Your Guide to Sex After Kids

Let's talk about sex (after) baby! Here's what you need to know

Phase 2: Toddler

Sure, your toddler sleeps through the night most of the time—too bad it’s so often in your bed. Between wrangling kids and working hard to make ends meet, frustration and exhaustion can get in the way of good loving. Vancouver mom Brandee Brown, whose daughter just turned four, says she spent years feeling “touched out, worn out and like there’s always someone to clean up after and feed.”

Brown says that she and her husband eventually realized they needed to give their relationship more attention. Their efforts have paid off. “We feel more connected and less like roommates,” she says. “We argue less over petty things when we find time to be together romantically, and we are both happier and more in tune with each other.”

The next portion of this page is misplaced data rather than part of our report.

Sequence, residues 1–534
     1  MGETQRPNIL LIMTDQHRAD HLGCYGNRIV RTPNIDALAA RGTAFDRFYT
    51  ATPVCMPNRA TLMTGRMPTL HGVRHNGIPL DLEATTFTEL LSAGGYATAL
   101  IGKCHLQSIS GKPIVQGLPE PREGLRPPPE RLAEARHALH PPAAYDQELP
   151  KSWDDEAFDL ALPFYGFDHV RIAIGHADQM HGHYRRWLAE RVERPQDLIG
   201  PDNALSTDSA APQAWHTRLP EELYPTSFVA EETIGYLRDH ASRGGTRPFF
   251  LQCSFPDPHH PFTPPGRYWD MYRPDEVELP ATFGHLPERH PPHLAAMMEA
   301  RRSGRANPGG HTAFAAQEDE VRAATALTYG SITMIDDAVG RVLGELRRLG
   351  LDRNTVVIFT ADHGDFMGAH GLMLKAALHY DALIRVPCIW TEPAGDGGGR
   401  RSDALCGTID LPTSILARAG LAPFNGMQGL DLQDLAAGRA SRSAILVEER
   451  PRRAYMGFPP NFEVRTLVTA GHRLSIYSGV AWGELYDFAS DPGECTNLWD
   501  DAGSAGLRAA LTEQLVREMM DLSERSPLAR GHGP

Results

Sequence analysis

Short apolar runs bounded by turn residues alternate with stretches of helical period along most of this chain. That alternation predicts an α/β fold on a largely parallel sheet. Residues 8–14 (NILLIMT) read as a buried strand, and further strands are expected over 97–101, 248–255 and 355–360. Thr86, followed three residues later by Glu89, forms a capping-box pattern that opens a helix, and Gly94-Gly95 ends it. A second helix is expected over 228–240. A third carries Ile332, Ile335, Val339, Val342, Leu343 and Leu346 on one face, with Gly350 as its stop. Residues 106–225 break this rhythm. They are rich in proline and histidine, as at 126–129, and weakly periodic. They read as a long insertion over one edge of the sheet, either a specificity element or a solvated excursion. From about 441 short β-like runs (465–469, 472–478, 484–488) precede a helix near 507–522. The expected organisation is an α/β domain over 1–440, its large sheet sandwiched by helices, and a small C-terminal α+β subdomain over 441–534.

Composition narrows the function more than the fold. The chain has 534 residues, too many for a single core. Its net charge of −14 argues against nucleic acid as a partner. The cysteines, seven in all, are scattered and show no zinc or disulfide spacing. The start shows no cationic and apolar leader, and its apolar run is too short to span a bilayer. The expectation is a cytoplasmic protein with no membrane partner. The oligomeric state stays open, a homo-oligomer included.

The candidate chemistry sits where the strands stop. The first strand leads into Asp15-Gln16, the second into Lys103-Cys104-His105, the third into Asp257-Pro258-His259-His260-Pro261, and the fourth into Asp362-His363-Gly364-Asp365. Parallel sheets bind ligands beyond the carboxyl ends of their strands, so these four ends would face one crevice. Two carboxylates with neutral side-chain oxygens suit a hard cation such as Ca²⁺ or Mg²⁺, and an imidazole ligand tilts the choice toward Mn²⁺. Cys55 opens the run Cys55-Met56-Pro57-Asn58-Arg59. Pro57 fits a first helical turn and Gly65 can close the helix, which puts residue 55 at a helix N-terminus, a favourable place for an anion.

How to deal:
Pencil it in. Seriously. Put it in your calendar. “Nobody wants to hear that they have to plan sex, but the more effort that you put into it, the better it’s going to be,” says Read. “When your child is young, you need to look out for the times in your week that you can carve out for it; otherwise the days will go by in a flash and you won’t have had sex,” she says.

Smith and her husband plan staycations where each child goes off to one set of grandparents, then they’ll book a last-minute hotel that day (to ensure no sick-kid/family drama sabotages their plans). “We’ll make the best of it, go out for drinks and then not have to worry about going home to the kids [when we’re] drunk,” she says. “We can be adults together.” Don’t have parents willing to take the kids overnight? Ask trusted friends or other family members.

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